The pilot aims to help policy makers assess the barriers in uptake of the much-needed technological shift towards electric bikes, and to demonstrate that the shift is feasible and within reach. In Kenya, the number of newly registered motorcycles, commonly used as taxis (boda-boda), was estimated in 2018 at 1.5 million and will likely grow to over five million by 2030. Though developing countries have the fastest growing fleets of bikes, most lack vehicle emissions standards or programs and incentives to promote zero emission vehicles.
The pilot test launched in Kenya is based on a study by the Energy and Petroleum Regulatory Authority, the University of Nairobi, and Sustainable Transport Africa. The pilot includes a host of local partners, including ministries and national and sub-national authorities, and uses bikes donated by Shenzhen Shenling Car Company Limited (TAILG). It will last 6-12 months and is replicated in Uganda, Ethiopia, the Philippines, Thailand, and Viet Nam. The overarching project, “Integrating Electric 2&3 Wheelers into Existing Urban Transport Modes in Developing and Transitional Countries,” is supported by UNEP with funding from the International Climate Initiative (IKI) of the German Ministry for the Environment.
John Chege, infrastructure coordinator from Friends of Karura Forest, said, “In my restoration work, the bike will help me move swiftly through the vast forest of over 1000 hectares in a very short period. At first, I was nervous about having to charge it, but now I got used to it. Since it is fast and emits no noise and air pollution like the diesel motor, they allow us to provide better security in the forest and tackle one of Nairobi’s worst environmental problems.”
Two- and three-wheelers are a central transport mode in many low and middle-income countries, including African ones, quickly rising in numbers to a 50% increase by 2050. Highly polluting two- and three-wheelers can account for the same amount of emissions as a passenger car. A rapid global shift to electric motorcycles can result in saving 11 billion tons of CO2 and about $350 billion by 2050 (more than double the annual energy-related emissions in the US and about 14 times the 2019/2020 budget of Kenya).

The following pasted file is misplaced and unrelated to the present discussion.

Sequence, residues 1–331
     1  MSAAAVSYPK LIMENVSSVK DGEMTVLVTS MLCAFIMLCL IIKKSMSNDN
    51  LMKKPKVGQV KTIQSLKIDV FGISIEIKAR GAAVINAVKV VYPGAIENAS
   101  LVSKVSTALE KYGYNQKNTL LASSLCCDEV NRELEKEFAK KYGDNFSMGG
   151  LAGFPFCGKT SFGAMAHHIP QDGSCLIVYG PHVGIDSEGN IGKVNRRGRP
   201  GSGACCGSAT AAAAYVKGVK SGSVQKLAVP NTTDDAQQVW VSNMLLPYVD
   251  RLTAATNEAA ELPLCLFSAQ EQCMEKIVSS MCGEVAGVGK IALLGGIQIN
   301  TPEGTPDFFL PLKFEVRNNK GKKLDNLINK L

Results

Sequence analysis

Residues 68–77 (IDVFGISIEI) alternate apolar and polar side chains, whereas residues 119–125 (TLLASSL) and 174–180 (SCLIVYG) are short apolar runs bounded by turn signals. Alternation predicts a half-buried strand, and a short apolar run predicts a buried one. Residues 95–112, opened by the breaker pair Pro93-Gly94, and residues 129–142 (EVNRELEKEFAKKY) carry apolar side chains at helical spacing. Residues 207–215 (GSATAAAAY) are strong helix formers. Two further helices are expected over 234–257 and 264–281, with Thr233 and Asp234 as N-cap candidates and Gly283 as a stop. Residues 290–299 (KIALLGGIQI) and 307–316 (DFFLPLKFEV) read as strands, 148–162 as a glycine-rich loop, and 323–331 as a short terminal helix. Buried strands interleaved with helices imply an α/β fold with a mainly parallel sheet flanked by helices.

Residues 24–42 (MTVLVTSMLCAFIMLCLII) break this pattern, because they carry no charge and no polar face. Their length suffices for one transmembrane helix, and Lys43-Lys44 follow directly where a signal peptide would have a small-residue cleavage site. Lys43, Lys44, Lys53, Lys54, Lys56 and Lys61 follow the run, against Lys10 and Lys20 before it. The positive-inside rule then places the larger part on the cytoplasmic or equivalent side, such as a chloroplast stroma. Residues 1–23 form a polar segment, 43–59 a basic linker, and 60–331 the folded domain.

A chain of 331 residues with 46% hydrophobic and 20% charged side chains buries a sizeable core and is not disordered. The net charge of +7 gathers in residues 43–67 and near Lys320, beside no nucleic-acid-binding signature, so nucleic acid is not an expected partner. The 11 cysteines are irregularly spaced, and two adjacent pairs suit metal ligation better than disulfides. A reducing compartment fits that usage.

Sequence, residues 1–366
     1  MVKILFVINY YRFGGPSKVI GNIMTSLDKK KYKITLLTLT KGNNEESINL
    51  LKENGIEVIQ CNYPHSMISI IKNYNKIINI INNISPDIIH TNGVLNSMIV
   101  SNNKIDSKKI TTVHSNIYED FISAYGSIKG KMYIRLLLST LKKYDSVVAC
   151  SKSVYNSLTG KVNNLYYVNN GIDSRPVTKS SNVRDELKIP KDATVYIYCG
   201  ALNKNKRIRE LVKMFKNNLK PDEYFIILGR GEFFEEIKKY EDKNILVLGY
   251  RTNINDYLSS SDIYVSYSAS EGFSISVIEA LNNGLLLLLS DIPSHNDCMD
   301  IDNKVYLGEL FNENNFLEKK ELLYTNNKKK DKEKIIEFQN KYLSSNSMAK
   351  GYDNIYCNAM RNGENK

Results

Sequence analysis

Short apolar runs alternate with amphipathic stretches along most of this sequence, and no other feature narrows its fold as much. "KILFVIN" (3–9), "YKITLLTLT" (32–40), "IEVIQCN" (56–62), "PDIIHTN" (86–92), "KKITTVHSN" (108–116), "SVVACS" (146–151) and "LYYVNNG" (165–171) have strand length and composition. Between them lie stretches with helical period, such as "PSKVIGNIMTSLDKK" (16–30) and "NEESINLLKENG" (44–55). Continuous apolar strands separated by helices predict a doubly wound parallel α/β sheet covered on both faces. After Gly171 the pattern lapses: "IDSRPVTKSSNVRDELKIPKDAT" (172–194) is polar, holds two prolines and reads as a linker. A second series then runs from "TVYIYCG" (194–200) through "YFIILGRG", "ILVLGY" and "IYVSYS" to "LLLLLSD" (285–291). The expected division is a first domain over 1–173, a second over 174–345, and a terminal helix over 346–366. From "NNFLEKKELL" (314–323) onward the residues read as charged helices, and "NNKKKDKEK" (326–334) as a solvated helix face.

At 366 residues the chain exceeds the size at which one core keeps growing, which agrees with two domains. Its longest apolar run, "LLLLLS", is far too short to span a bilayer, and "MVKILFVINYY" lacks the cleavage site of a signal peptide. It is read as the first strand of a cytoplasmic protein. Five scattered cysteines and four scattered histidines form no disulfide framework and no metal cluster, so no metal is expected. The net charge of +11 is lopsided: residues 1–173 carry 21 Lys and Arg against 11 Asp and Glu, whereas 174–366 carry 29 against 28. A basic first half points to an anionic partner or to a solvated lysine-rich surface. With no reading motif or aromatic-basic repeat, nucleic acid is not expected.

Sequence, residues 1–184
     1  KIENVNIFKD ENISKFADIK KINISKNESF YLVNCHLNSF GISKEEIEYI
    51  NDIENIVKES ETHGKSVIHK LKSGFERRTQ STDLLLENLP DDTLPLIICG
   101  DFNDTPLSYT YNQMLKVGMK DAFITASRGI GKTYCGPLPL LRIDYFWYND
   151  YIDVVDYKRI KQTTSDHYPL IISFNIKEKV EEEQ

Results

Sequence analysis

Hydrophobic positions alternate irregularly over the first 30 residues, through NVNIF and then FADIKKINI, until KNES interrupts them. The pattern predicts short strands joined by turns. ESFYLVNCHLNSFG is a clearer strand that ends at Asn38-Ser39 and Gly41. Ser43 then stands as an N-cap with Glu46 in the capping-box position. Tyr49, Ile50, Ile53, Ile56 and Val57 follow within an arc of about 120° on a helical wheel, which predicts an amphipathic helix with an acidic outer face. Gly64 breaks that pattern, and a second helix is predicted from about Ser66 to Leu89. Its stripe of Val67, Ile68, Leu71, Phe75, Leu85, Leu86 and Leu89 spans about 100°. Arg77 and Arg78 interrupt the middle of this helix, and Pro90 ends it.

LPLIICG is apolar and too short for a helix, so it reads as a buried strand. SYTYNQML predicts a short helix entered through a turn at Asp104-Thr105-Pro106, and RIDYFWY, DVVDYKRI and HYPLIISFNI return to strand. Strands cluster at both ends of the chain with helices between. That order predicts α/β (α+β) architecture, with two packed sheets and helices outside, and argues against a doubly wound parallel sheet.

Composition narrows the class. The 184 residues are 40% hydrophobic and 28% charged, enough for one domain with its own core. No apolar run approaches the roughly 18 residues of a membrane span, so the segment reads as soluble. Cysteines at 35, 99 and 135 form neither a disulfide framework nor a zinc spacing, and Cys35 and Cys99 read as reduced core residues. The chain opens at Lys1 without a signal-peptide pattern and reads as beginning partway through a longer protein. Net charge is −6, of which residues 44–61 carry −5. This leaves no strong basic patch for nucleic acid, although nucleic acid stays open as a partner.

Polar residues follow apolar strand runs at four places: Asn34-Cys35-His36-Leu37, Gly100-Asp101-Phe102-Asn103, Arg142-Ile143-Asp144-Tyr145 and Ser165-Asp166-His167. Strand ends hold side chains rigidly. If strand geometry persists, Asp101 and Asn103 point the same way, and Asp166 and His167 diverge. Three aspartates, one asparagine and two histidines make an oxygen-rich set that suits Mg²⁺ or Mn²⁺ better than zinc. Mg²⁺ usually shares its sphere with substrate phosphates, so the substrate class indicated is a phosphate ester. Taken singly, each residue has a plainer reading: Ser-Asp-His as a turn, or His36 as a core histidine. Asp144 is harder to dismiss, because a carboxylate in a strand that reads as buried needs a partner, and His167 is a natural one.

A global leapfrog to electric vehicles, already underway in countries like Norway and China, is essential to curb carbon dioxide emissions. Transportation contributes approximately one-quarter of all energy-related CO2 emissions. By 2050 it is likely to reach one-third, when the global number of passenger cars is projected to more than double. This growth is expected mostly in low-income countries, where there are rarely any vehicle emissions standards.
Scaling up the transition to electric mobility will require investments in battery charging infrastructure. Kenya’s electric power generation capacity is sufficient to support the charging infrastructure. However, while demand for motorcycles is high, particularly in rural areas, distribution networks are inadequate. However, this challenge may be tackled by using solar energy, setting up charging stations, consulting boda-boda operators and using lithium-ion batteries. The introduction of electric vehicles in rural areas will also unlock value and stimulate demand at solar minigrids. EVs and PV are a match made in heaven.